Further, there are even fights amongst members of the trans community – as there are in many marginalised groups such as intersex, disability and mental health groups – while “a large portion of society really doesn’t care about us in a negative or positive sense. A lot of the battles around language, access, spaces and identity are happening within.” Katy faced in excess of 100 hate incidents a couple of years back, chiefly online, including four death threats. On the face of it, it seemed six people were responsible. “But when the police investigated, it turned out to be one person with six identities, and the perpetrator turned out to be transgender. One hundred statistics of hate that were actually internal.”

Our interview takes place a week before the tenth WOW – Women of the World Festival, where they moderated Where Next for Trans?, sitting on the panel alongside journalist Jane Fae and artist educator Aliyah Husna. At London’s Southbank Centre, I listened as the chair told the audience what they’d already said to me regarding the Gender Recognition Act; that the 2004 legislation “was a botched job required to prevent gay marriage by the back door, so to speak”. If one half of a straight marriage transitioned and the couple didn’t divorce, they say, the result would have been a same-sex marriage at a time when it wasn’t legal. “Now we have (nearly) equal marriage, the GRA is almost irrelevant to marriage, so it definitely does need some changes but people are too afraid to change it now.”

With the festival looming, they check their diary for the other events they’re hoping to catch, one being Intersex 101 led by Valentino Vecchietti (which was superb). Queer Intentions and Travelling with Tits had the same time slot, and they ended up opting for the former. But the panel discussion about travelling the world as a woman was of interest to them. “It’s not an issue I’ve faced in the past because I had male passing privilege and people leave you alone, mostly. You might still get mugged and robbed but you’re unlikely to get sexually assaulted, ignored, or treated like a second-class citizen.” They spent much of their twenties and thirties travelling in the Middle East but have not returned as a non-binary trans woman. They did go to Turkey in 2019, where they were “treated differently because I no longer present as male. I don’t particularly present as typically female either, and I was in Turkey meeting an Iranian woman and she said, ‘I’d like to extend an invitation to you to come to Iran but when you come to my country you’re going to have to make your mind up. Either present fully as female, in which case you’re going to have to cover your head, or you’re going to have to present as some kind of male who now has breasts.’”

Spirit of 2012 recently funded WOW for nine festivals across five UK cities, one of which was Norwich in 2018. “It’s really created a movement in Norwich and brought people together from beyond female monocultures. Women make up half the world and can be anything,” they resume, “from socialist to conservative, lesbian to straight and in-between, old to young, black to white, rich to poor. My favourite feminist is Audre Lorde and she said we don’t live single-issue lives. She faced criticism from other women because she was the wrong kind of feminist. She wasn’t white, middle-class, straight and able-bodied. She was black, lesbian, disabled and lower-class compared to them. We’ve got to respect the diversity within the whole range of womanhood.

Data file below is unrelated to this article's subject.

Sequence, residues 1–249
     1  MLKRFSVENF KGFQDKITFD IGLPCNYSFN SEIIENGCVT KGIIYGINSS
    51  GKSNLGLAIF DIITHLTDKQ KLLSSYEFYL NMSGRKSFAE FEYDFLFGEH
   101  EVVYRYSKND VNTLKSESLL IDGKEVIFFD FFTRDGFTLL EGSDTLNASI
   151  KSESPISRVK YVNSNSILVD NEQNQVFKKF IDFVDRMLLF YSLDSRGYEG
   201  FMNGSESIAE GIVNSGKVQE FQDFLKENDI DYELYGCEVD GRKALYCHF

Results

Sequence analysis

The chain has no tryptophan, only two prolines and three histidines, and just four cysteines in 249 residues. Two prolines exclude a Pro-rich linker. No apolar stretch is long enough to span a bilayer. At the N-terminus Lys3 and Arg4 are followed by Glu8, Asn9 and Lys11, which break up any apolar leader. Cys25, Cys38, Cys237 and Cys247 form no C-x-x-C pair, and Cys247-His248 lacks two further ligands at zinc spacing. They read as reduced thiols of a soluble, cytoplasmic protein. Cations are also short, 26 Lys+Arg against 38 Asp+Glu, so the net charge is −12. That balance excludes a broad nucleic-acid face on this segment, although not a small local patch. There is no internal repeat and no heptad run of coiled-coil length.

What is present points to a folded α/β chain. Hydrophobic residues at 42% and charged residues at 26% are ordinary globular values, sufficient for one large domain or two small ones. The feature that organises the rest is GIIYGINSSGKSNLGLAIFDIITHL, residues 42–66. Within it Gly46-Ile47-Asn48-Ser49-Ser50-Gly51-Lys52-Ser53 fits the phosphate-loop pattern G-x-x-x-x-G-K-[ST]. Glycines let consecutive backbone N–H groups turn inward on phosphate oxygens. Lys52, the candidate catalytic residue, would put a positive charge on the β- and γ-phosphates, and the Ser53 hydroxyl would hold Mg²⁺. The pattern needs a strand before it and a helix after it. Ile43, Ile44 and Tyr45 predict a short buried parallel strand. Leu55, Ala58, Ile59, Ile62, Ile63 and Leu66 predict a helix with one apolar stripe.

“You’ll never define what it means to be a woman purely on a biological level because there are women who don’t have periods,” they say, “there are women who are different in so many other ways from each other. In that sense, I’m personally not too keen on the phrase ‘trans women are women’ being used in absolute isolation as a slogan or solidarity pledge. In some respects, I guess I’m much more down the line of human rights. I’d much rather ‘trans women are human’, ‘trans men are human’.”

Trans men are often left out of trans discussions, they say, even though “many of the anti-trans arguments fall flat very quickly” when trans men are involved. “When you say that trans women should use men’s toilets, the corollary to that is trans men must use women’s toilets. Which means you’ll get a bunch of muscled, bearded trans men (often looking more masculine than the average man) going into women’s toilets.” They tell me UK toilets (“always where the argument ends up”) are not protected spaces. “We don’t have US bathroom style laws. UK toilets are based on an unspoken rule that people go into them knowing the gender they think is the most relevant, and they go and do toilet-y stuff in there. The only thing that’s illegal in toilets is being a pervert (of any gender) and committing acts of sexual violence, peeping Tom or whatever it might be. But if you wanted to do that and wanted to gain access to a women’s toilet, you could get in there a lot quicker than using a Gender Recognition Certificate. All you’d need is a hi-vis jacket and a mop.”

Often, you’ll see a notice outside a women’s toilet, informing the public that it’s cleaned by both females and males. “Many of the women still carry on going to the toilet with the male cleaner who’s wandered in and out, because they’ve been alerted to it. But equally, I was in a women’s toilet one day and a male cleaner came straight in unannounced and just started cleaning – there was no notice outside, just a cleaning trolley.” Moreover, into which toilet should a man take his very young daughter? “Who are you trying to make feel safe? A woman with a six-year-old son would most often take them in the women’s, but the man with a six-year-old daughter might take her into the women’s and wait outside, or take her into the men’s – I don’t know,” they say, “toilets are toilets, and I think it’s the most stupid place on which to base all these arguments.”

Added to which, they’re very often underwater.